631, the anonymous author cautiously points to a beginning of "no more
than a few million years ago" and asks the question "where is the earth's
Chapter 12, Note # 35 A photograph appears in this National
Geographic article showing a bat entombed in a stalagmite, clearly
indicating that growth during this period must have been over a few days,
or weeks at most.
Chapter 12, Note # 36 Dickey et al. (1968) have noted that evolutionary
theory requiring millions of years cannot explain the enormous pressure
differences which exist in adjacent rock strata: "The significance of this
observation to structural geology is very great. It means that pore water
has been able to move across the bedding planes of shale hardly al all
in spile of a pressure gradient exceeding ten pounds per square per foot
during scores of millions of years. Obviously shales have small but appreciable
permeability to water; otherwise how could compaction occur?" (p. 612).
Chapter 12, Note # 37 Books and articles continue to appear containing
extrapolated ventures into frightening population statistics. Two examples
are Vogt (1960) and Hauser (1970).
Chapter 12, Note # 38 Langer (1964) shows that between A.D. 1348
and 1350 at least a quarter of the population of Europe died of the plague;
however, within three hundred years, the normal rise in population had
Chapter 12, Note # 39 Stansfield (1977) gives a typical evolutionary
explanation: "The size of a population may fluctuate over various lengths
of time, but the long-term picture is one of stability" (p. 82). This author
appeals to an oscillating population in order to leave an open-ended past.
Chapter 13, Note # 1 This little book, which records Keith's
1925 Conway memorial lecture, gently draws aside the veil that hides the
inner sanctum of the human mind to reveal the altar upon which we place
our most treasured and secret offerings of belief.
Chapter 13, Note # 2 Darwin had used this same passage from Marcus
Aurelius in the second edition (1874) of his Descent of Man (p.
123). A parallel passage written a millenium earlier than Marcus Aurelius
appears in Proverbs 23:7.
Chapter 13, Note # 3 Westfall (1981) has written what is regarded
to be the definitive work on Newton. A less voluminous work is by B.J.T.
Dobbs. 1976. The Foundation of Newton's Alchemy. New York: Cambridge
Chapter 13, Note # 4 Cohen (1955) writes, "Newton had essayed
a linguistic analysis of theology in an attempt to find the corruptions
that had been introduced to Christianity. Newton was not an orthodox Trinitarian"
Chapter 13, Note # 5 Strauss (1835) gained notoriety in the German
academic community and the church by his Das leben Jesu, in which
he dismissed the Gospel of John, stripped the other accounts of the miraculous,
and gave prime place to Matthew.
Chapter 13, Note # 6 Twelve of these enormous folio volumes ordered
by Napoleon contain some of the finest hand-coloured engravings ever produced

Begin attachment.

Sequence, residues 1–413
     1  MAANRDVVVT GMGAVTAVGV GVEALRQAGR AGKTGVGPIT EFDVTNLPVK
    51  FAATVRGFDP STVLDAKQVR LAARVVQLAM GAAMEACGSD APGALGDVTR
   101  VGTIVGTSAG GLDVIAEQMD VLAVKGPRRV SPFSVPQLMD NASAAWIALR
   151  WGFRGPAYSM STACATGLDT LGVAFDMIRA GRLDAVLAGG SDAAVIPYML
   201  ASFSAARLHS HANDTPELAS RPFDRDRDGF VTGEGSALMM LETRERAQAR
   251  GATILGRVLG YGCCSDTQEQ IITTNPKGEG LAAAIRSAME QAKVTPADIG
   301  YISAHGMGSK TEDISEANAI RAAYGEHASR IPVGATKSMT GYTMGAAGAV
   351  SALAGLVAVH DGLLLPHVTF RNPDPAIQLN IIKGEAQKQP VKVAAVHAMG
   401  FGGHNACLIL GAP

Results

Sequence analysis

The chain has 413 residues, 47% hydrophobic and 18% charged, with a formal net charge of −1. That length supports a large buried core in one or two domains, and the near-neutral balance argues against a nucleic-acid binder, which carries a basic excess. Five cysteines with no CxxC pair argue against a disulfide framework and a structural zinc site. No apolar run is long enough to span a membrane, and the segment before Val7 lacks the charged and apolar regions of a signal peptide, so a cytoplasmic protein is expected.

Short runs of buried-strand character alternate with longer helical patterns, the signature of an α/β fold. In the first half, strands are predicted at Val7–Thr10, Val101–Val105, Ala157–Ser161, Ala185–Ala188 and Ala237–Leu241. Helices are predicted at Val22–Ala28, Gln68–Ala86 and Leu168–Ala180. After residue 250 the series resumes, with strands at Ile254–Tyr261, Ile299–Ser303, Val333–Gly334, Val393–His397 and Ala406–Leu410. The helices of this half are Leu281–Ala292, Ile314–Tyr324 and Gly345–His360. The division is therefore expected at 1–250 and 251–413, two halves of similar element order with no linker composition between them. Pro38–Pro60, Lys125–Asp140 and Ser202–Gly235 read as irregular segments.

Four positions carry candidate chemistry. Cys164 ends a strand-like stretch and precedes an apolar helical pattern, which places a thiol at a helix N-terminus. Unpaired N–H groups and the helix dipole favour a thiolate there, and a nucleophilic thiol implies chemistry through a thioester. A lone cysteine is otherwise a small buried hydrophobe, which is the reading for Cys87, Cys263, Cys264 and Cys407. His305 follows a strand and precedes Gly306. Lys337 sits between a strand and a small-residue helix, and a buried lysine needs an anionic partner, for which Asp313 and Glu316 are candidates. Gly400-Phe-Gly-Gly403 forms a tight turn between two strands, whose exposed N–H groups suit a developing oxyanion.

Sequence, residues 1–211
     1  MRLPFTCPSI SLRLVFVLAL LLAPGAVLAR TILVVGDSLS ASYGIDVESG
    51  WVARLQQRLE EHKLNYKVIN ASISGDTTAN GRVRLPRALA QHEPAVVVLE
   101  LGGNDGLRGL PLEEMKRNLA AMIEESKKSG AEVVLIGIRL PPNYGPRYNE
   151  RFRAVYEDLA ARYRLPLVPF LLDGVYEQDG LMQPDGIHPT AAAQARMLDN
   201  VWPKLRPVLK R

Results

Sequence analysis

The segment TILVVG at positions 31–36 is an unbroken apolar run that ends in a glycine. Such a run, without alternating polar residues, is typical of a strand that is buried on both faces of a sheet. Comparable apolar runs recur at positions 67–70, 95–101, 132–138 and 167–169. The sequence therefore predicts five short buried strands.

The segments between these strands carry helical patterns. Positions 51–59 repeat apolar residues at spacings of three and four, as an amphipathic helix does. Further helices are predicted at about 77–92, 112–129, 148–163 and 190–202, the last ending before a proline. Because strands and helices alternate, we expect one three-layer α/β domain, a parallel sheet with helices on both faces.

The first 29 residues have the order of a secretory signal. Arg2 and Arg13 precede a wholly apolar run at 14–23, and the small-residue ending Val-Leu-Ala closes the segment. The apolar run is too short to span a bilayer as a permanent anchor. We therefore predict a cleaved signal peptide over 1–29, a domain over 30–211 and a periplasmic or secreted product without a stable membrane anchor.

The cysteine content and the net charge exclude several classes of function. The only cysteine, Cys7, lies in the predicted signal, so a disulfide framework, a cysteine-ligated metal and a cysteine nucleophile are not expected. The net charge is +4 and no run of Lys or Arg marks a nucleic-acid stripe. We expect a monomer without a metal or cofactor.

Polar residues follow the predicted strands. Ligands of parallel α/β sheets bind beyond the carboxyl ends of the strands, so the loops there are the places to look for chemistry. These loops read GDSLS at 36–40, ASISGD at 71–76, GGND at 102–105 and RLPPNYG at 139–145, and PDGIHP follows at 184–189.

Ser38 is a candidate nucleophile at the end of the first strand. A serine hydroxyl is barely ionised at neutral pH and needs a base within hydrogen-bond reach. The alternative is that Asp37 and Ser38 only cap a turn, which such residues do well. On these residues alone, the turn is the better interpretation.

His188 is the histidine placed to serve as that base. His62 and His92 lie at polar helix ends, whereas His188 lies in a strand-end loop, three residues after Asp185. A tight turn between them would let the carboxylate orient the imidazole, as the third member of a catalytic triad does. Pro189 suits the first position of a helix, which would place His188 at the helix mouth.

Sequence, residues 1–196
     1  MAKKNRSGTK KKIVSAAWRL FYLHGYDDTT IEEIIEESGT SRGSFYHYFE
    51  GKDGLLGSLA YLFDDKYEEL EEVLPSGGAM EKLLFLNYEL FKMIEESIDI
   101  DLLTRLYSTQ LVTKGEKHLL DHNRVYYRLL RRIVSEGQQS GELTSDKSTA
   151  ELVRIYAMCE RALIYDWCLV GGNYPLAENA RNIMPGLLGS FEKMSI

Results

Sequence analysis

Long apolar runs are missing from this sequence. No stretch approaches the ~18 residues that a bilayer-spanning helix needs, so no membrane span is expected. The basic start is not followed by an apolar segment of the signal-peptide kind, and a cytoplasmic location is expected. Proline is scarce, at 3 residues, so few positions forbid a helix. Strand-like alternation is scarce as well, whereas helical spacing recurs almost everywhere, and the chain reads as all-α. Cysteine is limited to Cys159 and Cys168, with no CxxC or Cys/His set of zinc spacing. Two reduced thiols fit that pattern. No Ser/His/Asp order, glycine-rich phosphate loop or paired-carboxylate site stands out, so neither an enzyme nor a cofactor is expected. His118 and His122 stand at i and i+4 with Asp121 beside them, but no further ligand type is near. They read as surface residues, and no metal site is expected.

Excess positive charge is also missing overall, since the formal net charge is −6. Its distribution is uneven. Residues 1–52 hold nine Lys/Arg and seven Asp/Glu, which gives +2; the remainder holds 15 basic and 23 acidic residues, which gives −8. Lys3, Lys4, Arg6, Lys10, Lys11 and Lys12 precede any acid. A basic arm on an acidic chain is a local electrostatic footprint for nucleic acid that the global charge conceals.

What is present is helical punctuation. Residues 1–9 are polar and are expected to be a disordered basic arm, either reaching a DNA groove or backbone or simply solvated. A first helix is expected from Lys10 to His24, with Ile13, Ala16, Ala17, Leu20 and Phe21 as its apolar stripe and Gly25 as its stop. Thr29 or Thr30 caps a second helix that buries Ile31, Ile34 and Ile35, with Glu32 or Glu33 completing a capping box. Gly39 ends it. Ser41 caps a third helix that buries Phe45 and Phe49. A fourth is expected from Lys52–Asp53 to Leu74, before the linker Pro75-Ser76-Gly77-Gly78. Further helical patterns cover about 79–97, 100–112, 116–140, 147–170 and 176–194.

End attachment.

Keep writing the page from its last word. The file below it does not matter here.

and capture in the imagination the splendor that was once Egypt. See also
notes to Denon (1803).
Chapter 13, Note # 7 Roberts (1846-49) spent 1838-39 in Egypt
and Palestine making very accurate drawings of the ancient buildings and
monuments. He considered the French work Description de l'Égypt
grossly inaccurate. Roberts noted that the Egyptian temples and monuments
had been maintained in good order by the Christian church until about A.D.
700 when they were abandoned to Islam. Most of the destruction had been
wrought since that time. Denon (1803), renowned mostly for a series of
pornographic etchings, was an intrepid artist-adventurer, both in the deserts
of Egypt and in the bedrooms of Paris. His remarkable illustrations of
former Egyptian decadence produced in these volumes together with those
of François Jomard and others in the famous Déscription
spawned numerous magazine articles. The more truthful
artistic renditions of Egypt by David Roberts of England and Carl Lepsius
of Germany also did much to promote public interest in ancient Egypt during
the early 1800s.
Chapter 13, Note # 8 Ceram (1971a) had taken his information
on Champollion from a German biography of 1906. There is, however, a more
recent biography of Champollion by M. Pourpoint 1963. Champollion et
I'enigme égyptienne: le roman d'une dé'couverte. Paris.
Other than Ceram's chapter (pp. 88-116), there appears to be no biography
Chapter 13, Note # 9 In a footnote, Libby (1963) says: "The Egyptian
historical dates beyond 4,000 years ago may be somewhat too old, perhaps
5 centuries too old at 5,000 years ago" (p. 278). It is of interest to
note that Libby's reference to this statement was not a publication but
a private communication with an authority (I.E.S. Edwards) on Egyptian
dating. This confession completely vindicates Velikovsky's (1952) thesis
and brings biblical events and Egyptian history into line, but so far as
is known, nothing has yet been openly published to this effect.
Chapter 13, Note # 10 Champollion's dating was evidently questioned
from the beginning as indicated by the title of historian William Mure's
(1829) document held in the British Museum Library archives.
Chapter 13, Note # 11 Broken pillars. Sedgwick and Buckland were
not only great geologists but also pillars of the Anglican Church. It appears
that they began by believing in the literal interpretation of Genesis but,
when faced with evidence that seemed to be explained more rationally by
Lyell's uniformitarianism, slipped slowly away from the biblical account
and in later years became virtual Darwinians. Others, such as Agassiz of
Harvard University, remained believers to the end, although their understanding
changed over the years. Murchison in England had little belief and less